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IMG_0097Kamaiya.jpg
Just outside of Dhangadhi is this settlement of freed Kamaiyas - bonded labourers who worked in slave-like conditions until the government abolished such practices in 2000. The Kamaiyas were supposed to receive land and other assistance to help them start new lives, but only around one-third have received anything so far. For these villagers, freedom means the freedom to live a life of poverty with nothing. <br />
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Without proper homes, they are squatting here, but are under constant threat of assault or other abuses by their higher-caste neighbours. <br />
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Dhangadhi town in Far Western Nepal is one of the country's poorer and more isolated regions. It is home to many of Nepal's Dalits - the so-called "untouchables", who are at the bottom of Nepal's strict caste-based system. As well as dealing with abject poverty, these people also have to cope with widespread discrimination by the rest of society, which is fiercest in underdeveloped rural areas. They have little access to services such as healthcare and education and routinely face abuse, from which they are often denied protection by the army and police. In some cases, it is the army and the police who abuse them.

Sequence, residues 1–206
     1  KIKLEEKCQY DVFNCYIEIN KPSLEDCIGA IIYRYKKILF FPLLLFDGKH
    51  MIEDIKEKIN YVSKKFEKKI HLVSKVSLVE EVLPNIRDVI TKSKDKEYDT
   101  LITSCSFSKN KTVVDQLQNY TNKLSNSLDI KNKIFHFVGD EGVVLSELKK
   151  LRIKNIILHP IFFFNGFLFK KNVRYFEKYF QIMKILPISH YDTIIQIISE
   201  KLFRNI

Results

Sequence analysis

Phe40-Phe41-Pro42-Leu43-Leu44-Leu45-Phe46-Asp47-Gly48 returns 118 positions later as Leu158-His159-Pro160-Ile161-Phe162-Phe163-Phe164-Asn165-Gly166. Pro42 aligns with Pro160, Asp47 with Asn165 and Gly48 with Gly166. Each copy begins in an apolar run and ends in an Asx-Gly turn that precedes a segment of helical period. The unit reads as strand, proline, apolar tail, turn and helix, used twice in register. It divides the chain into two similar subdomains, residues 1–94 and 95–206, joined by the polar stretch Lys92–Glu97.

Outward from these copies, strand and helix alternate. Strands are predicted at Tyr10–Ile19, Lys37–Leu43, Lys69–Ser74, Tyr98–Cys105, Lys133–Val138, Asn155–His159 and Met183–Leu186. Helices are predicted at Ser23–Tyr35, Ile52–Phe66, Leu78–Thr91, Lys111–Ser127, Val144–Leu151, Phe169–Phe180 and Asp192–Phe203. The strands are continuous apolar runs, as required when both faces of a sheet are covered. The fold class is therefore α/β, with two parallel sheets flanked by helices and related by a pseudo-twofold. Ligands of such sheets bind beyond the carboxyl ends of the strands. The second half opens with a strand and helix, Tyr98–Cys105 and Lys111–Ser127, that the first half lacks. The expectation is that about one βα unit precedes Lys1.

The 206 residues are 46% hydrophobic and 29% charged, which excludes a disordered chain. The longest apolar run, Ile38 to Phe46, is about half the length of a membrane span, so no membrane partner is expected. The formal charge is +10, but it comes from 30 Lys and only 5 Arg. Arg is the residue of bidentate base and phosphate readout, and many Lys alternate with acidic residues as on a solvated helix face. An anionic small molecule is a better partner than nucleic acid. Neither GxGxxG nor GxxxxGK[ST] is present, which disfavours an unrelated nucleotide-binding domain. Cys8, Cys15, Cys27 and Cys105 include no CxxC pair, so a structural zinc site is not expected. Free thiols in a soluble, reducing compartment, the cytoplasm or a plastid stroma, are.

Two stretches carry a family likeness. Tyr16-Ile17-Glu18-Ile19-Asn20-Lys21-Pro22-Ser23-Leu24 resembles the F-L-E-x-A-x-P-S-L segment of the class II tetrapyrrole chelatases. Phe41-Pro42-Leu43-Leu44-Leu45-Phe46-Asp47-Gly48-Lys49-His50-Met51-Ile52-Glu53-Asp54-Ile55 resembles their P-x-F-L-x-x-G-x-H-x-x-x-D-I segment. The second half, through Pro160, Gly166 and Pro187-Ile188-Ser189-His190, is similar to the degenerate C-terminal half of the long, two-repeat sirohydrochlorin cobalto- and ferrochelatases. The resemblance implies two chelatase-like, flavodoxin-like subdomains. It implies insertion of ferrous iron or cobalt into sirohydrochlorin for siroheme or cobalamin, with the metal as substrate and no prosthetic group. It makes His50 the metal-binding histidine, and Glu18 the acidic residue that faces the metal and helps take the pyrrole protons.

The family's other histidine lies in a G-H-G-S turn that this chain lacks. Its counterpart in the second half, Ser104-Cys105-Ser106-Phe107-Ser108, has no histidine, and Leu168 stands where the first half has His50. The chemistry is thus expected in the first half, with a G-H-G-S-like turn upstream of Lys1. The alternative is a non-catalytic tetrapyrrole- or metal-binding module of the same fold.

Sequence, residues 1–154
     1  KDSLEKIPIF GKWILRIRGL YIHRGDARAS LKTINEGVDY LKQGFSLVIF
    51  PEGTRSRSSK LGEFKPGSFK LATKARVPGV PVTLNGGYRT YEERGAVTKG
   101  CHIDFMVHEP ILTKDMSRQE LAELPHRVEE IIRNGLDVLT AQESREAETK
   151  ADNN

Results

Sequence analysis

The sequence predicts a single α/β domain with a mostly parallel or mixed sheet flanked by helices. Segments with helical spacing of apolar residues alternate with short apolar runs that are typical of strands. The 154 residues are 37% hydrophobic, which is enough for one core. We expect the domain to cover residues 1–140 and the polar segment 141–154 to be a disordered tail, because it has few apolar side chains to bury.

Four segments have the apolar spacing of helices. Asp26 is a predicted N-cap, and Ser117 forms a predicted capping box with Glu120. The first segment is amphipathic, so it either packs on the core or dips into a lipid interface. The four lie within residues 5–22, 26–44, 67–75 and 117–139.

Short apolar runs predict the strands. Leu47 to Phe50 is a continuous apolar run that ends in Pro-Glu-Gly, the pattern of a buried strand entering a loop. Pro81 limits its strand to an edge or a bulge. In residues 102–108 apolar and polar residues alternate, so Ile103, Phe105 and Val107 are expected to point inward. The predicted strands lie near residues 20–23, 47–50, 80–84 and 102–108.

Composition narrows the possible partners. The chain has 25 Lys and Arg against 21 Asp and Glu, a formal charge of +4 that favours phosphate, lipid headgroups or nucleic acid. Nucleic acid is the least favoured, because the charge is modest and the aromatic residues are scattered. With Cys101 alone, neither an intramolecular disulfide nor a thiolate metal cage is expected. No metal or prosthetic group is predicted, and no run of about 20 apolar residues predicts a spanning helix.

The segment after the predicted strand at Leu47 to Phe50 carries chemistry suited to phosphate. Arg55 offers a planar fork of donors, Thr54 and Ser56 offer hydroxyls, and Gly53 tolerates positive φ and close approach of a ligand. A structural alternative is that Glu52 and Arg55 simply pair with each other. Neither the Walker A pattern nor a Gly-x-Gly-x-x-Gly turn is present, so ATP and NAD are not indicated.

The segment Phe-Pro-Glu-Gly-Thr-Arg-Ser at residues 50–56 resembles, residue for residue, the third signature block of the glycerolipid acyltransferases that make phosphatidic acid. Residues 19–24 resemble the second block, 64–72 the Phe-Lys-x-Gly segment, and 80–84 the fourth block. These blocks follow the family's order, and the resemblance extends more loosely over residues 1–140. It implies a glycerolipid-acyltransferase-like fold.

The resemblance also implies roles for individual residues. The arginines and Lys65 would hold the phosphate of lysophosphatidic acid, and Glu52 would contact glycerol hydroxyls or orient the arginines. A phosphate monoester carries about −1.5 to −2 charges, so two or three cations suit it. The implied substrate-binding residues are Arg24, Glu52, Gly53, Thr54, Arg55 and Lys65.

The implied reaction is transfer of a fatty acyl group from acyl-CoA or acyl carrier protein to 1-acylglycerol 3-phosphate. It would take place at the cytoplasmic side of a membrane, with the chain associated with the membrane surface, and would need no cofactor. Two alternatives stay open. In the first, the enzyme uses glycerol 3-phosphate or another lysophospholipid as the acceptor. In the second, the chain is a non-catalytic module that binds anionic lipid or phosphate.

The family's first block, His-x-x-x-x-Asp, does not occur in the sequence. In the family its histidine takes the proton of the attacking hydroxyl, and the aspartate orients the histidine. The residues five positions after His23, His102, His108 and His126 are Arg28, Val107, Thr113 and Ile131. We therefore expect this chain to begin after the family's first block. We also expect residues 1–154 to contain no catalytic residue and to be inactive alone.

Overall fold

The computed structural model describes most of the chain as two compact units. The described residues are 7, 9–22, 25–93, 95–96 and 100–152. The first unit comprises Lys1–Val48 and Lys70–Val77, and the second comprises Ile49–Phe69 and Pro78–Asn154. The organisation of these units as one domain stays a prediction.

Just outside of Dhangadhi is this settlement of freed Kamaiyas - bonded labourers who worked in slave-like conditions until the government abolished such practices in 2000. The Kamaiyas were supposed to receive land and other assistance to help them start new lives, but only around one-third have received anything so far. For these villagers, freedom means the freedom to live a life of poverty with nothing.

Without proper homes, they are squatting here, but are under constant...
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Copyright Rob Few